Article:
- Yomiuri Editorial
Security Clearance System: Devise Ways to Ensure Security of Economic Information
15:58 JST, February 7, 2024
A situation must be avoided in which information about advanced technology related to Japan’s security and other matters is stolen by other countries or leaked to foreign nations.
The government intends to establish a security clearance system to authorize civil servants and company employees to handle classified information. A bill to establish this system will be submitted to the Diet in the near future.
In Western nations, advanced civilian technologies such as cyber-related technologies and artificial intelligence have also been used for military purposes. Each country designates which government employees and civilians have access to important information, to prevent the leakage of sensitive information.
In Japan, the Law on the Protection of Specially Designated Secrets was enacted in 2013 to protect sensitive information in the four fields of defense, diplomacy, anti-espionage and terrorism prevention. However, there is no system to guard economic information.
The new legislation will put in place a system similar to those in Western nations and require confidentiality from those who will be authorized to access important information. If the new system is realized, the degree of trust in Japanese companies will increase and the smooth sharing of information with relevant countries will be promoted.
To protect sensitive information, the government plans to examine criminal records, financial status and other background information of civil servants and private citizens under the security clearance system. If there are no problems, the government will authorize them to handle sensitive information. The consent of the individuals involved will be required when conducting these background checks.
In descending order of importance, sensitive information is classified as “top secret,” “secret” and “confidential.” Civil servants and some private citizens who are qualified under the Law on the Protection of Specially Designated Secrets are allowed to handle top secret and secret information. However, under the new legislation that will cover confidential information, most of the people who will be authorized to handle such information are expected to be private citizens.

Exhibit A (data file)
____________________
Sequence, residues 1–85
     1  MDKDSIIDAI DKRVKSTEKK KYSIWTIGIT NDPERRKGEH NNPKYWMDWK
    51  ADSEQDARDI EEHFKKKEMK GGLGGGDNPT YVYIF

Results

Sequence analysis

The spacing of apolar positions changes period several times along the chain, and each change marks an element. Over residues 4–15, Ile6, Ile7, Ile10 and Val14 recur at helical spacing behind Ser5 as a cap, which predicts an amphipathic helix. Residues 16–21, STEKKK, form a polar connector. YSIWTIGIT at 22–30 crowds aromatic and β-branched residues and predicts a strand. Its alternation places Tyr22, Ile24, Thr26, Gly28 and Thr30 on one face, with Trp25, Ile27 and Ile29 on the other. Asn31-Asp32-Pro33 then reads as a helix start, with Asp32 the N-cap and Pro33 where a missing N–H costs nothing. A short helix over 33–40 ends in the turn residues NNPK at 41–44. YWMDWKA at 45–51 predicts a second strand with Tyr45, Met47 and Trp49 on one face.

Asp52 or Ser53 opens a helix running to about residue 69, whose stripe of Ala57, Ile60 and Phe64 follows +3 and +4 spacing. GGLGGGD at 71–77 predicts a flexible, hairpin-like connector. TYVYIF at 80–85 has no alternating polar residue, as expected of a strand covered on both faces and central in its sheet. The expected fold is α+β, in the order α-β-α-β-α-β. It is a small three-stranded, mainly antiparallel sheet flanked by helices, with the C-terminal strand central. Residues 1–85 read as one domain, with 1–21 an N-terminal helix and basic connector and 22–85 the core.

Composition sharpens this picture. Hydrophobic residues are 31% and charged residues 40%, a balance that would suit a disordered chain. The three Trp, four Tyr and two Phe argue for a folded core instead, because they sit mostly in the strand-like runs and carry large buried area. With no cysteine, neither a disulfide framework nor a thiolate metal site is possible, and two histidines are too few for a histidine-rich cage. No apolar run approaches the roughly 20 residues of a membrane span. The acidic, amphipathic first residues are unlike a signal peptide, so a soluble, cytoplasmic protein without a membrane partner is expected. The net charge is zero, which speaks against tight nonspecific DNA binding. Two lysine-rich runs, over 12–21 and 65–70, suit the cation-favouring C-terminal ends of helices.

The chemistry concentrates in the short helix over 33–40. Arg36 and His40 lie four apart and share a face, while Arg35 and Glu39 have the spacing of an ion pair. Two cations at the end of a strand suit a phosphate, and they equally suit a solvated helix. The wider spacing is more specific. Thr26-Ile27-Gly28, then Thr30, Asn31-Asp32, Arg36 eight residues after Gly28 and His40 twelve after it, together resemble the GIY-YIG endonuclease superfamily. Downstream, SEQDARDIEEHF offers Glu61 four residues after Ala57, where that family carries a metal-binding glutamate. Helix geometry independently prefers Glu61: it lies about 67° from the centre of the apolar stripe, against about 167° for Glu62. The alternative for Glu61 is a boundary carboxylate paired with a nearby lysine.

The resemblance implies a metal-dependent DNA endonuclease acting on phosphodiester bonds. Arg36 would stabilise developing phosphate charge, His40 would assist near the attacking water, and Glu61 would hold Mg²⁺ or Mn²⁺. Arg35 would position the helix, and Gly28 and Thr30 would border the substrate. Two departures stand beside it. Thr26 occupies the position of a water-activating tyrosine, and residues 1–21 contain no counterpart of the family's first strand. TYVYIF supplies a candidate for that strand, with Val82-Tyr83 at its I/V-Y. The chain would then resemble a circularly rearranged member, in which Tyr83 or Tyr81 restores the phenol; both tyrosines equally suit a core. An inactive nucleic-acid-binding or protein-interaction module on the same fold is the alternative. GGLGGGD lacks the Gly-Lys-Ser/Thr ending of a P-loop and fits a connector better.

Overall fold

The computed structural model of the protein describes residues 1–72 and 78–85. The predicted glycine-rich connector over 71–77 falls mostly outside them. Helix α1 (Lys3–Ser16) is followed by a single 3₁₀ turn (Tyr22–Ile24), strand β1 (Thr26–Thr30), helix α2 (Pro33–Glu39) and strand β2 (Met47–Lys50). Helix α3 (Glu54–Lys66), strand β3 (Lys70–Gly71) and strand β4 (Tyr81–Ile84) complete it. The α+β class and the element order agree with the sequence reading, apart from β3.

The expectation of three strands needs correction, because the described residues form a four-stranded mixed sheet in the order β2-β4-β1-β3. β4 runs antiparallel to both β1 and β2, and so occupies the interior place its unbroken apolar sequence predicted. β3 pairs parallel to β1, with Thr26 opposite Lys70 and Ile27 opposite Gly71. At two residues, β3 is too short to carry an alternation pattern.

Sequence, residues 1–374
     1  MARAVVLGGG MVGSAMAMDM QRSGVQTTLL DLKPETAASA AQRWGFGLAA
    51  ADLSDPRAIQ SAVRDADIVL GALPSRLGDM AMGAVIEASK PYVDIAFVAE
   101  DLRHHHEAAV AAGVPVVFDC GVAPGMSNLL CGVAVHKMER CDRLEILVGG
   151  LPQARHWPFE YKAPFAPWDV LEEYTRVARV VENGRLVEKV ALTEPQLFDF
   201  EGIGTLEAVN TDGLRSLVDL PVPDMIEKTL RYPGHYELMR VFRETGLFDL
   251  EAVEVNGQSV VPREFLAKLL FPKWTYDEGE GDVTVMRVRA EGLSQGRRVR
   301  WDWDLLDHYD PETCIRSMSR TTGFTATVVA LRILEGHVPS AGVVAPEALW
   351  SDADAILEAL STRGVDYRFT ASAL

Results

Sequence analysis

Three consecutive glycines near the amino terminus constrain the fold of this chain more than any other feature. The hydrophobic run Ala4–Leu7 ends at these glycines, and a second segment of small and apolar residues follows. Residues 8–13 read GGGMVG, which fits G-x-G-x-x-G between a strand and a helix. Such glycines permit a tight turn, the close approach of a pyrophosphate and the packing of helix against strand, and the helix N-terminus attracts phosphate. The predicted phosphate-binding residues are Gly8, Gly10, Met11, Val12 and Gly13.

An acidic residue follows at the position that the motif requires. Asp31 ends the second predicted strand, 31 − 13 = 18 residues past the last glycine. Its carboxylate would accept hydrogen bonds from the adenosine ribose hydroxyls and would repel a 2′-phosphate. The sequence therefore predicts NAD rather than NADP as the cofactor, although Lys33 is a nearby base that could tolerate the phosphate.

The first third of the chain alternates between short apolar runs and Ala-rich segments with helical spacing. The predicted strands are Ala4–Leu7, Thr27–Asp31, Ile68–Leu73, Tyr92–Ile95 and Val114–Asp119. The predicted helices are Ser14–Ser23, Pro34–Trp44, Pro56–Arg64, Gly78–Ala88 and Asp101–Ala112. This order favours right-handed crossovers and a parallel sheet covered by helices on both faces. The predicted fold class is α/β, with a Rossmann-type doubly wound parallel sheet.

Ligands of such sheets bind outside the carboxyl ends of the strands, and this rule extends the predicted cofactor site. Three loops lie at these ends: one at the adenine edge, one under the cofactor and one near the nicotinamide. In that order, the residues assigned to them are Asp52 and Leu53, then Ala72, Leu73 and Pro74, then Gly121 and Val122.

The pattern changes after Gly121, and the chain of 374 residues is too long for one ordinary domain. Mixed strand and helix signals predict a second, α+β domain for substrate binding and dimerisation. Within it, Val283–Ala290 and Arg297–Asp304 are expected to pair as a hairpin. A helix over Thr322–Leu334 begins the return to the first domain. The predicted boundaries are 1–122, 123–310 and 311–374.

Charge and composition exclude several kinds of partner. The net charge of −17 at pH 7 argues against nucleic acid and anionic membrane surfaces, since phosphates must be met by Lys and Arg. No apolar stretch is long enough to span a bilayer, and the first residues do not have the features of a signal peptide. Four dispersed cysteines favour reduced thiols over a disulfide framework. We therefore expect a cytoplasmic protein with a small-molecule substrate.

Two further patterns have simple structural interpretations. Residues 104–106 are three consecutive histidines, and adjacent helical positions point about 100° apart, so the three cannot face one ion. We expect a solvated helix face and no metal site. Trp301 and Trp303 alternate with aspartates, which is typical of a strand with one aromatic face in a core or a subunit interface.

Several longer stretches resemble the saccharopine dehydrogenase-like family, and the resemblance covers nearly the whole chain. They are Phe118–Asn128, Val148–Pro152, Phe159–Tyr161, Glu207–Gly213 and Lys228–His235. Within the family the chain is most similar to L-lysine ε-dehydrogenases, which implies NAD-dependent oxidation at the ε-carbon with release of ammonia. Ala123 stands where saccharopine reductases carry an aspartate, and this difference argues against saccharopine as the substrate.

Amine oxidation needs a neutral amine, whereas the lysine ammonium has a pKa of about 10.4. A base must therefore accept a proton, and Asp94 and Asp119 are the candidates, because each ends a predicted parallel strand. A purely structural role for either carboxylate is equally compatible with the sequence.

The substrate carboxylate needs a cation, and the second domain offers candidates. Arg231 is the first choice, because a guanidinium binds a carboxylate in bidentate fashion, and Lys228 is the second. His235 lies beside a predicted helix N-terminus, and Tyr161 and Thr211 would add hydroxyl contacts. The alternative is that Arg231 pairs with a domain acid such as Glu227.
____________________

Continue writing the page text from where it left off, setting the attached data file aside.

The penalty for leaking information is up to 10 years of imprisonment with labor for violations of the Law on the Protection of Specially Designated Secrets, compared to up to five years of imprisonment with labor and other penalties for violations of the new legislation. It can be said that the difference in the punishment reflects the relative importance of the information.
At the same time, there are many points to keep in mind when formulating the new legislation.
Many people are probably concerned that government background checks could infringe on the privacy of examinees. There are also fears that those who do not qualify to handle such information as a result of the background checks may find it difficult to stay at their workplace.
To avoid such a situation, the government plans to allow those who feel they have been treated unfairly in the background checks to file a complaint. The government should not only stipulate this in the new legislation, but also continue its efforts to deepen companies’ understanding.
In addition, there are concerns that qualified civilians would be more restrained than necessary and would feel like they should not give interviews to the media about non-sensitive information. The government intends to clearly stipulate in the new legislation provisions regarding freedom of the press and news coverage. However, sufficient care must be taken so that the public’s right to know is not impeded.
(From The Yomiuri Shimbun, Feb. 7, 2024)
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